I wish that I could say that we made it through the polar vortex unscathed. The good news is that we were only trapped at home for one day. Our jobs are flexible enough to be able to accommodate occasional work from home, though it was much trickier with E there. At the end of the day, I cheered and dramatically sang “The Wind Beneath My Wings” a la Bette Midler when we saw the snow plow pull up in front of our house. We knew that it meant an end to our isolation.

A few minutes later, our dog went ape shit crazy when we all heard an assertive knock at the door. I carried the dog into our bedroom while K answered the door, surprised to find a police officer on our doorstep. The officer handed K some literature and said, “Here’s how you obtain your police report. It will be available tomorrow.” K, flummoxed, asked, “What police report?” The officer flatly replied, “Oh. The snow plow hit your car on the street,” before turning on her heel and swiftly departing. Uh, what?! K’s car, which as you know, we obtained only a few months ago, was stranded on the street in the snow and sustained enough body damage to impede our ability to drive it. Now, we must wait for the City’s insurance risk assessment team to review the damage and tell us how much they’ll pay toward our repairs. Since the car is not worth much to begin with, we’re slightly afraid that it will be considered a total loss, and there’s no way we’ll find as reliable of a car as this for the amount they’d pay for it.

Here’s a funny diagram of the accident, as found at the bottom of the police report, for which the plow driver was cited for “improper backing.” I have no clue how he failed to see K’s vehicle when he drove right next to it before backing into it!Untitled

We recently transitioned E to a convertible car seat in our primary vehicle, which, thanks to the snow plow incident of ’14, is our only currently working vehicle. It has been such a change from the lugging of a baby inside an infant seat to wrangling an active, wiggly almost-kid! With the baby bucket style seat, he was more contained and it allowed me to better manage all of his belongings, especially when picking him up from daycare. Now, I feel completely incapable of managing it all!  His daycare is a shoe-free environment, so you need to remove footwear (or pop booties on over them) before entering the main space. With all of the snow and the necessity for boots as of late, adding just one more step to the process of picking up or dropping off makes me feel especially inept. I’m sure it will eventually become second nature to me, but in the meantime, it’s an additional frustration that I don’t need.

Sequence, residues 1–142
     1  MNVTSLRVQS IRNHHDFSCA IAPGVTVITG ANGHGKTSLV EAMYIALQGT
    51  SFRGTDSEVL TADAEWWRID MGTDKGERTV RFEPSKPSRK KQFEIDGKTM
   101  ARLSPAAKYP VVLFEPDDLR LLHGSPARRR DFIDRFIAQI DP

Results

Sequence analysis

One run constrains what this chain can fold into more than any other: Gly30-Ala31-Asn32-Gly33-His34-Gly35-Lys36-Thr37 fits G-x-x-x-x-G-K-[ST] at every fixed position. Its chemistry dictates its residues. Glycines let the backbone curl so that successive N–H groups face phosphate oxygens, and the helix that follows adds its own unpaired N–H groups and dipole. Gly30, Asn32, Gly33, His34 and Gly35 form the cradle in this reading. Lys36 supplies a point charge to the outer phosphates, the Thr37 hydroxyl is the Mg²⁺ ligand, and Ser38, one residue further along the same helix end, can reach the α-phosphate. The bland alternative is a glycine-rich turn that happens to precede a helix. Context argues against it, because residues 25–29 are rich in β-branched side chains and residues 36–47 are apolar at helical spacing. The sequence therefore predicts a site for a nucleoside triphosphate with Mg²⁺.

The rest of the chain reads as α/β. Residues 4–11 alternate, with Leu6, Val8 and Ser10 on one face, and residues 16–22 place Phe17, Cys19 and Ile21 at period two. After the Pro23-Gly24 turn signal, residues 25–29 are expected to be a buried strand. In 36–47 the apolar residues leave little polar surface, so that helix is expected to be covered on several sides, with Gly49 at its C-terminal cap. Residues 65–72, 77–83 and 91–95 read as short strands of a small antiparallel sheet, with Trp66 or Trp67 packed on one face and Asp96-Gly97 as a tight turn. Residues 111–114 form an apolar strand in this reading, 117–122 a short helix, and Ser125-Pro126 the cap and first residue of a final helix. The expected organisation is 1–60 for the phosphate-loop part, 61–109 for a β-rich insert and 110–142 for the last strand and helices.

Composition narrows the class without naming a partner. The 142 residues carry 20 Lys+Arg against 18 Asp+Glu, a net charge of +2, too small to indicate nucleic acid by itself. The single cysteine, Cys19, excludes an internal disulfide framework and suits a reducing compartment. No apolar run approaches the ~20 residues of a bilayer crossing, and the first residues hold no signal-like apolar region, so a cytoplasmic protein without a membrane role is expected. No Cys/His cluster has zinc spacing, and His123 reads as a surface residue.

E’s surgery to insert tubes has been officially scheduled for Monday morning. He needs to fast starting at midnight beforehand, which makes me a little sad. He loves his morning bottle. Hopefully, in a matter of days, he’ll be feeling much improved. Maybe ear pulling will be a thing of the past!

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I’m a firm believer in the power of positive thinking, so we appreciate any woo, light, prayers, meditation, etc. in an effort toward a positive outcome for E.

Letting go

We recently had a mandatory staff meditation retreat. Is anything less relaxing than being required to relax at a given time and in a specific way, all during the busiest season at work? Despite my reluctance (and that’s putting it mildly), I challenged myself to take in the messages and tips presented that day, and I’m really glad that I did. I learned quite a bit about managing stress and keeping myself from assigning weight to stressors that are truly a lot tamer than how I allow them to impact me.

crawling into bathroomAs it relates to my job, I need to keep in mind that, while I do work that contributes to the greater good, what I do each day is not a life or death sort of situation. Sure, my work funds some actual life-saving programs, but I need to remember that getting upset about a last-minute request for a report or mailing only zaps me of energy that could be spent where I’d prefer to focus it – on my son, husband, and adorable companion animals. I need to exert the relevant amount of energy to the task-at-hand.

turkey nomsAs it relates to my personal life, especially with the holiday season upon us, I need to let go of some of the messages people in our lives are giving to E, even if they are not aligned with some of our parenting approaches. (Obviously, there are some non-negotiables like blatant disrespect.) Do I really have to spin my wheels being irritated about someone pretending that E has injured them when I’m actively working to teach him pain-related boundaries? The time E spends with me and the messages he gets from me are so much more prevalent and I know he’ll one day understand that pulling my hair hurts his mommy. Again, seething about this – something that should be a minor annoyance – only serves to distract and drain me.